LINCOLN, Neb. (DTN) -- The states of Nebraska and Iowa asked a federal court on Wednesday to force the EPA to finalize a rule allowing permanent E15 sales in eight Midwest states. The two states argued in a motion for summary judgment that the agency is required to grant their requests and has failed to act.
E15 is a fuel that contains 10.5% to 15% ethanol and 85% gasoline.
On April 28, 2022, eight state governors requested a change allowed by the Clean Air Act to reject the use of the 1-psi waiver for E10, composed of 10% ethanol and 90% gasoline, in their states.
This would result in applying the same volatility limitation to both E15 and E10 -- essentially putting E10 and E15 on the same footing in those states beginning in 2024. The eight states include Illinois, Iowa, Minnesota, Missouri, Nebraska, Ohio, South Dakota and Wisconsin.
By law, EPA was required to set the waiver aside and to finalize a rule within 90 days of the request.
The states' motion, filed in the U.S. District Court for the District of Southern Iowa, asks the court to render a ruling in their favor based on the undisputed facts in the case.
"Now, more than 400 days later and more than a year after that 90-day period expired, EPA's continued delay risks yet another year without the fuels the governors requested -- and that they are entitled to under the act," the states said in their motion.
"Each day that this case continues, unresolved, is a day that EPA continues its now long-standing violation of the Clean Air Act."
Since 2022, EPA has been contacted by a coalition of state attorneys general asking the agency to complete the rulemaking. That was followed by an intent to sue announced by Iowa and Nebraska.
"EPA responded by starting the rulemaking process, proposing a rule that would grant the states' requested waiver, and opened notice and comment," the motion said.
"Yet the process then ground to a halt. And despite the comment period's closing and no meaningful pushback on EPA's rule, EPA has failed to publish its proposed rule."
Nebraska and Iowa have asked the court to issue a permanent injunction to require the EPA to promulgate a final rule "promptly by a date certain, and that date should be as promptly as practicable."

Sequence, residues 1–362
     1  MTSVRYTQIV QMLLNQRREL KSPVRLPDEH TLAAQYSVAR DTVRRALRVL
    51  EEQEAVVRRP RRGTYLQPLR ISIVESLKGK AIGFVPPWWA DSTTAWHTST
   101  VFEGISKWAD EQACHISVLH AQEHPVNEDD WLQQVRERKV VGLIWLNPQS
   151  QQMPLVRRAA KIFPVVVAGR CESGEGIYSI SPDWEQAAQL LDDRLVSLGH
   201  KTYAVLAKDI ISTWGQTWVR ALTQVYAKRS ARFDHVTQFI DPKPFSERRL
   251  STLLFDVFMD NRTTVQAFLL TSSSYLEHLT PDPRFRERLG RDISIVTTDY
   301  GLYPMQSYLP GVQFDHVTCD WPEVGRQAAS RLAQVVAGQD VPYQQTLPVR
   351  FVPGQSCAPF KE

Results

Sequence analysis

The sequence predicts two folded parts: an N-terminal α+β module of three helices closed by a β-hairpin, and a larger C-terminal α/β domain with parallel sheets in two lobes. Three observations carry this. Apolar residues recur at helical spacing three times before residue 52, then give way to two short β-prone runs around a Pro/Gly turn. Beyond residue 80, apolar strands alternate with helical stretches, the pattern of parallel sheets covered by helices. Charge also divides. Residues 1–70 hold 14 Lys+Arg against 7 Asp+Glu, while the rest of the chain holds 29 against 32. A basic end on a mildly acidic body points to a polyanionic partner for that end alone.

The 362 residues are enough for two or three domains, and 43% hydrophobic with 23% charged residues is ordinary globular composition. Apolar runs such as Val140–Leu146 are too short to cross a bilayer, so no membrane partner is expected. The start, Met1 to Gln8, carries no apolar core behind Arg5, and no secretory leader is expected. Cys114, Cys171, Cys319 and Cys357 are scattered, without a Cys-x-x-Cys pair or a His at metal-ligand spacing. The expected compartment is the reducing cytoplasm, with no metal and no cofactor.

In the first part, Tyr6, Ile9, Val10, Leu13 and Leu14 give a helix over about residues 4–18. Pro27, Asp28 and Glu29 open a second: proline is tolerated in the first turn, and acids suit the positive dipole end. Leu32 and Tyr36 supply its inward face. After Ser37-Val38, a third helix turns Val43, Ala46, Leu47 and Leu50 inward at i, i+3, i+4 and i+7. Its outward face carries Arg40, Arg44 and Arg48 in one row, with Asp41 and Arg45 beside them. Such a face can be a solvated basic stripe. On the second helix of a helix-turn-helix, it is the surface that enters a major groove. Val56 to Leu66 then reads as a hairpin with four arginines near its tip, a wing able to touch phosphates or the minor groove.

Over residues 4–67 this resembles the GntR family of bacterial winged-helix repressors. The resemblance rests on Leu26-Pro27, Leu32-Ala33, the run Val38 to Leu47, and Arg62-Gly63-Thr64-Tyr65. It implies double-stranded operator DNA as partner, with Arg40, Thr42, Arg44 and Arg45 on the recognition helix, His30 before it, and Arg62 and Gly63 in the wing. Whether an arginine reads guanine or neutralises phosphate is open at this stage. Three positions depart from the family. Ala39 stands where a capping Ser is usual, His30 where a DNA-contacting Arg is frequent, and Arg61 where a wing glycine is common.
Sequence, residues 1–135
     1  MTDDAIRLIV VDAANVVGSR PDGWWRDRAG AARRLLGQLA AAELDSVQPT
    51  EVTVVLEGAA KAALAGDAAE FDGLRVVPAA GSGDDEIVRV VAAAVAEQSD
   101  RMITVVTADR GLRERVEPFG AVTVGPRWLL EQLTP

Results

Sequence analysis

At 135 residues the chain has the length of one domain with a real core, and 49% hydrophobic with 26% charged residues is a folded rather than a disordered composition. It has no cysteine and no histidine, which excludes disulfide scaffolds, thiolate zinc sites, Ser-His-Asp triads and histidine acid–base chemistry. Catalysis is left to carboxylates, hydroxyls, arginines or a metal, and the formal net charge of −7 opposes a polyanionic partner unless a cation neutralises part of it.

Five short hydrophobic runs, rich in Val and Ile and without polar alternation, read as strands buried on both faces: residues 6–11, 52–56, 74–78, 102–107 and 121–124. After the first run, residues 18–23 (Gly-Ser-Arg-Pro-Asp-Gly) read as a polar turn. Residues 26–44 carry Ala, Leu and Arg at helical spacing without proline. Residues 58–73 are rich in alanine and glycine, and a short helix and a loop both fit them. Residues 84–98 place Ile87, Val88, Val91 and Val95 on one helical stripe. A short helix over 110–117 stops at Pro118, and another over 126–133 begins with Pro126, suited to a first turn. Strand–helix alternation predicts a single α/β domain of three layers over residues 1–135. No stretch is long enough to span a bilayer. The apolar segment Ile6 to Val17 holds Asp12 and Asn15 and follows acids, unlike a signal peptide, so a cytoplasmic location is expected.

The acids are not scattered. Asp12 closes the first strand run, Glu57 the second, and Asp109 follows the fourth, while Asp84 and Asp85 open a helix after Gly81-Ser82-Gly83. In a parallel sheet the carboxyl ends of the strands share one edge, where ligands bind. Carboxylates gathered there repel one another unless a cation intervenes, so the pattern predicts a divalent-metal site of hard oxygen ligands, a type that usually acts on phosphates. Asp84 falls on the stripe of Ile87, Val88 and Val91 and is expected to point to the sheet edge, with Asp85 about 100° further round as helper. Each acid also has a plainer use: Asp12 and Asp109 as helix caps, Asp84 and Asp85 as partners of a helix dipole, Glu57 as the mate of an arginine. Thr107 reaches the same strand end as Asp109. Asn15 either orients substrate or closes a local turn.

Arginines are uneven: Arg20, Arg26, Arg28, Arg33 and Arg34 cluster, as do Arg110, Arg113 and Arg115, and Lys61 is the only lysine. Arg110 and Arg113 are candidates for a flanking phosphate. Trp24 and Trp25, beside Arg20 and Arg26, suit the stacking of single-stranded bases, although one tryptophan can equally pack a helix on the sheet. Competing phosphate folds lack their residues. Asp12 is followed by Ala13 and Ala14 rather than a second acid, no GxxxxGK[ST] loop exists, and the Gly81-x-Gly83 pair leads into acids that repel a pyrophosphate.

The Biden administration announced on March 1, 2023, that it was granting the petitions filed by the eight states.
As part of the process of filing petitions with the EPA, each state had to provide data to support their requests, including how E15's permanent availability would help improve air quality, among other issues.
"Indeed, EPA has taken no meaningful action to remedy the problems identified by the governors despite EPA's own models' projecting that lack of a waiver will continue to cause increased emissions in the states," Iowa and Nebraska said in its motion.
"Ad hoc emergency waivers issued by EPA only partially fix the problems -- without ample lead time for refiners to ensure access to the correct fuel and E15, there will be insufficient supplies for the upcoming summer season."
The Biden administration granted a temporary waiver last summer allowing E15 sales to continue from June to September.
Members of Congress have put forward legislative proposals to allow for year-round E15 sales across the country. Without legislative action, however, presidential administrations will be asked annually to grant temporary waivers.
Iowa and Nebraska make the case in the motion that EPA's lack of action is harming the public interest.
"EPA's failure to follow the act will also cause irreparable harm to the public health and welfare of millions of residents in Iowa and Nebraska," the states told the court.
"Plaintiffs have a sovereign duty and responsibility to protect the health and welfare of their residents and quality of their environments. Yet EPA's failure to promulgate a final rule forces their residents to continue to breathe air with additional, avoidable emissions. Until EPA finalizes its rules, plaintiffs are denied section 211(h)'s relief and face unlawful delays in providing their residents the E15 fuel that will best serve their air quality and pocketbooks."
Read more on DTN:
"Nebraska, Iowa Sue EPA on E15 Request," https://www.dtnpf.com/…
Todd Neeley can be reached at firstname.lastname@example.org.
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